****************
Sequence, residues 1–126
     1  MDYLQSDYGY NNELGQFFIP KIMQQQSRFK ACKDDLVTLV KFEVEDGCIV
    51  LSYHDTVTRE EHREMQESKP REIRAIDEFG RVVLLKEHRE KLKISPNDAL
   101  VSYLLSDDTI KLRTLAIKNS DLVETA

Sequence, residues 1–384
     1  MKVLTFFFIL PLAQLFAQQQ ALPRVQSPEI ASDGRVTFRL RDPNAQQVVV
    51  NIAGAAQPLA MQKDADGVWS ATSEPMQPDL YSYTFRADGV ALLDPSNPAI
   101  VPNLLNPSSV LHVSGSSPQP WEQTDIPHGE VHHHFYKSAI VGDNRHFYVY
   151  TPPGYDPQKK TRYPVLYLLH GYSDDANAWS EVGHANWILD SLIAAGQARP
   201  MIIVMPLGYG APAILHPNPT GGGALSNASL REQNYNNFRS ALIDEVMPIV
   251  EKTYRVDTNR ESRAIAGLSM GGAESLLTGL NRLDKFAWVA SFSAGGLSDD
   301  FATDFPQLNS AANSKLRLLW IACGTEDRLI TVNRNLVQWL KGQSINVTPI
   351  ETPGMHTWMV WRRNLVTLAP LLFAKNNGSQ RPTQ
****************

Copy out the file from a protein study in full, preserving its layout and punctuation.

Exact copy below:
Sequence, residues 1–126
     1  MDYLQSDYGY NNELGQFFIP KIMQQQSRFK ACKDDLVTLV KFEVEDGCIV
    51  LSYHDTVTRE EHREMQESKP REIRAIDEFG RVVLLKEHRE KLKISPNDAL
   101  VSYLLSDDTI KLRTLAIKNS DLVETA

Sequence, residues 1–384
     1  MKVLTFFFIL PLAQLFAQQQ ALPRVQSPEI ASDGRVTFRL RDPNAQQVVV
    51  NIAGAAQPLA MQKDADGVWS ATSEPMQPDL YSYTFRADGV ALLDPSNPAI
   101  VPNLLNPSSV LHVSGSSPQP WEQTDIPHGE VHHHFYKSAI VGDNRHFYVY
   151  TPPGYDPQKK TRYPVLYLLH GYSDDANAWS EVGHANWILD SLIAAGQARP
   201  MIIVMPLGYG APAILHPNPT GGGALSNASL REQNYNNFRS ALIDEVMPIV
   251  EKTYRVDTNR ESRAIAGLSM GGAESLLTGL NRLDKFAWVA SFSAGGLSDD
   301  FATDFPQLNS AANSKLRLLW IACGTEDRLI TVNRNLVQWL KGQSINVTPI
   351  ETPGMHTWMV WRRNLVTLAP LLFAKNNGSQ RPTQ